by Dr. Abed Ayoub, Visiting Professor of Islamic Studies
“O you who believe, fasting was ordained for you like it was ordained for those who were before you” Quran 2-183.
Many people believe that fasting is about deprivation, whether from a specific item during Lent, or for many consecutive days in protest against an injustice. In Islam, however, abstaining from eating, drinking, having marital relations with a spouse, not committing any forbidden acts, keeping one’s temper, or even arguing your point of view with someone else are considered a part of worship. Like prayer, charity, and pilgrimage, fasting helps us as individuals and society as a whole.
For someone who never practiced it, fasting might seem extremely difficult, but once you have fasted a few days, your body adjusts to it with ease. My ten year old son has been fasting since he was seven; first with half days, then the following year with a combination of half days and full days to his best capacity. He has been able to fast completely for two years now. This is the first year without complaining of hunger throughout the day!
The greater impact of fasting though, on Muslims, is its affect on the soul. More time is spent on prayer, supplication, and charity. Muslims spend the most time in the mosques and give the most in charity during Ramadan. Charity goes hand in hand with fasting because what little we experience of hunger and thirst reminds us that there are those who are always hungry and do without constantly. This increased empathy is an integral part of the process.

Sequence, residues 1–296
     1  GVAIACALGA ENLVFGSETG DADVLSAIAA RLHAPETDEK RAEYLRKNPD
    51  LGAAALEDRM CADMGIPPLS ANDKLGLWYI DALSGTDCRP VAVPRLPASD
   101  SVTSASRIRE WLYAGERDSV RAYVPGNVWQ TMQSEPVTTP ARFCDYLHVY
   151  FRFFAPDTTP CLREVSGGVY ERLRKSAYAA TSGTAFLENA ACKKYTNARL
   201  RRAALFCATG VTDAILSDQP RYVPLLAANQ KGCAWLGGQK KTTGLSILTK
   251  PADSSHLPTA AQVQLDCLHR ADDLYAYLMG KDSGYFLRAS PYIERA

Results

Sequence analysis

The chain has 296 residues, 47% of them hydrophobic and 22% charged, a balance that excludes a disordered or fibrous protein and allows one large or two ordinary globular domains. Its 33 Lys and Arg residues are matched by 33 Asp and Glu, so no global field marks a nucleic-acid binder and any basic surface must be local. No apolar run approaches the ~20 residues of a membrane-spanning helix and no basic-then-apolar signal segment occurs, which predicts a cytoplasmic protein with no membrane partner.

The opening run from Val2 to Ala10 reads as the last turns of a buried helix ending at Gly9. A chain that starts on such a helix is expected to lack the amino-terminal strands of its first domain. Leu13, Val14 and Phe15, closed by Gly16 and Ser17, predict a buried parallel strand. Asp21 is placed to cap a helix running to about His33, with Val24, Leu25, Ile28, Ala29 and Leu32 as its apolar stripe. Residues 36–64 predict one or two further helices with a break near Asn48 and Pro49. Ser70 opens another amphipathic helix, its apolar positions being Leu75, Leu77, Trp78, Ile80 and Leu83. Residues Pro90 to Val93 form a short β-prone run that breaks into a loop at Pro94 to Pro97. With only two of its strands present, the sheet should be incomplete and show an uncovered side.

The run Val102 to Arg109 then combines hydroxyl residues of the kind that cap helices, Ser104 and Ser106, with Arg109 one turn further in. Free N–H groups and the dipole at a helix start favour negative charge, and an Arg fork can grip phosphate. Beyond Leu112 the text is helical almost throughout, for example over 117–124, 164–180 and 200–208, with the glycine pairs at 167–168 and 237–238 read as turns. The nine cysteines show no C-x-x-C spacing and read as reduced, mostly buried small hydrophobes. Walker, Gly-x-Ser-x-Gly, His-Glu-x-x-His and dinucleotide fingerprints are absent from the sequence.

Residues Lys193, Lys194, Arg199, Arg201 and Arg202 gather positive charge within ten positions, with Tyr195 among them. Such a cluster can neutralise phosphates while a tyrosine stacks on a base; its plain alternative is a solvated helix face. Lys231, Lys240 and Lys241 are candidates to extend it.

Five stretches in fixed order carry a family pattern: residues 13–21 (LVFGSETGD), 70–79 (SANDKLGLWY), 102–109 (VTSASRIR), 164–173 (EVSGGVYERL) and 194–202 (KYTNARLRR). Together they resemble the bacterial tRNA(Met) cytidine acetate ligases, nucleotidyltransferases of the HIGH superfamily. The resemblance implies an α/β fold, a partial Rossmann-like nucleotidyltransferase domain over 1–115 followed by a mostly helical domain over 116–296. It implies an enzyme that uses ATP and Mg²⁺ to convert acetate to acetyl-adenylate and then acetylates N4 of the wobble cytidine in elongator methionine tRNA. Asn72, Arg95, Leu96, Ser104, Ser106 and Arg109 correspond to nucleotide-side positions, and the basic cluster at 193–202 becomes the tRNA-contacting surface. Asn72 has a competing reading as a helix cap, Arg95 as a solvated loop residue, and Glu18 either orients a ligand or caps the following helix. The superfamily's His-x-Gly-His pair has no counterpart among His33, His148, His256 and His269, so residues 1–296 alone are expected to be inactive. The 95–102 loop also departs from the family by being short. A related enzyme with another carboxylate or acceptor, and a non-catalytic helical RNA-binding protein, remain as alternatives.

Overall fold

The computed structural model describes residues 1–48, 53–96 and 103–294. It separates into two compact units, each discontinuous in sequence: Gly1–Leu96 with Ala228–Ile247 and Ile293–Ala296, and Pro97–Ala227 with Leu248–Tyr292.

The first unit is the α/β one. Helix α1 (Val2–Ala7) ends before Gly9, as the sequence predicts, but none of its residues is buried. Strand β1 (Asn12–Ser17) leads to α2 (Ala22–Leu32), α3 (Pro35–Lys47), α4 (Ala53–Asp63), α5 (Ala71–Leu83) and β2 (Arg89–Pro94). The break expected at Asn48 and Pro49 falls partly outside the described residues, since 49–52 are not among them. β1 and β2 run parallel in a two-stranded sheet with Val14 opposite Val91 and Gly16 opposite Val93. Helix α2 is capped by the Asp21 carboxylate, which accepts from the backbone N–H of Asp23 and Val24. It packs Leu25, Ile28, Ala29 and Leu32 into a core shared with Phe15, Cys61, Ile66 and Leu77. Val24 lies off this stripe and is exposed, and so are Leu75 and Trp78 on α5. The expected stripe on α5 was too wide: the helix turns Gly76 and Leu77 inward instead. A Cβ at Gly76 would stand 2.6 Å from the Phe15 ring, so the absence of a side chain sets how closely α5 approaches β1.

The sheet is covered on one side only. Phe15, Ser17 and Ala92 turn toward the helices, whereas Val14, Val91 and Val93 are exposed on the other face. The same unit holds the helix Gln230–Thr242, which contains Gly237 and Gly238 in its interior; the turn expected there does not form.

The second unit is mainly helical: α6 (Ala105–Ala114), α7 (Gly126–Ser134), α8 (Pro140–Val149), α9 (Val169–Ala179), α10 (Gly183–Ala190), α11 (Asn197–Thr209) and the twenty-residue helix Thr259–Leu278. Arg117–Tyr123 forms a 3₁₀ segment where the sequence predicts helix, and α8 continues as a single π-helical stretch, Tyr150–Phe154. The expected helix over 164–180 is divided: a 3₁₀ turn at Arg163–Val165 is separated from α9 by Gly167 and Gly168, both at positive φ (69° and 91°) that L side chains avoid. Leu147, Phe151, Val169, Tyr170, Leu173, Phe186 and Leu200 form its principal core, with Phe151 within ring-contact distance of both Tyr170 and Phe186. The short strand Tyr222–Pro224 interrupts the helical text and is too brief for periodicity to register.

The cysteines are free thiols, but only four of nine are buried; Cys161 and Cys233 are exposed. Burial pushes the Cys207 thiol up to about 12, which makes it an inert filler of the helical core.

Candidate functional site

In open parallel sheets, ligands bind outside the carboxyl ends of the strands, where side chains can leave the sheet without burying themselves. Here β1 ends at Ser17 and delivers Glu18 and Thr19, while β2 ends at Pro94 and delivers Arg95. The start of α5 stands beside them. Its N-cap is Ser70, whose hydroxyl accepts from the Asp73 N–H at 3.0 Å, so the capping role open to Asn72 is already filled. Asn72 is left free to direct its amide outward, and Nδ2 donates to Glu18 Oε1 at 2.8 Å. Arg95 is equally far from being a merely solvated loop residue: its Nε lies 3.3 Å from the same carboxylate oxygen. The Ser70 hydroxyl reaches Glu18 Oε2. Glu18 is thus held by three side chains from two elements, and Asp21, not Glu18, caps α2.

Those who fast the entire month of Ramadan experience feelings of peace, mental and spiritual clarity, and a significantly reduced tendency towards anger. Ramadan displays why fasting is a pillar of Islam, as it coalesces the essence of what the religion is all about: purifying the soul, getting closer to our Maker, and giving in charity.
Dr. Abed Ayoub is Visiting Professor of Islamic Studies at the Graduate Theological Foundation. He has twice served on the U.S. Agency for International Development’s (USAID) Advisory Committee on Voluntary Foreign Aid and has served multiple terms with the U.S. State Department’s Religion and Foreign Policy Working Group (with one term currently being served). Dr. Ayoub is President and CEO of United Muslim Relief. (Read more on his GTF faculty profile.)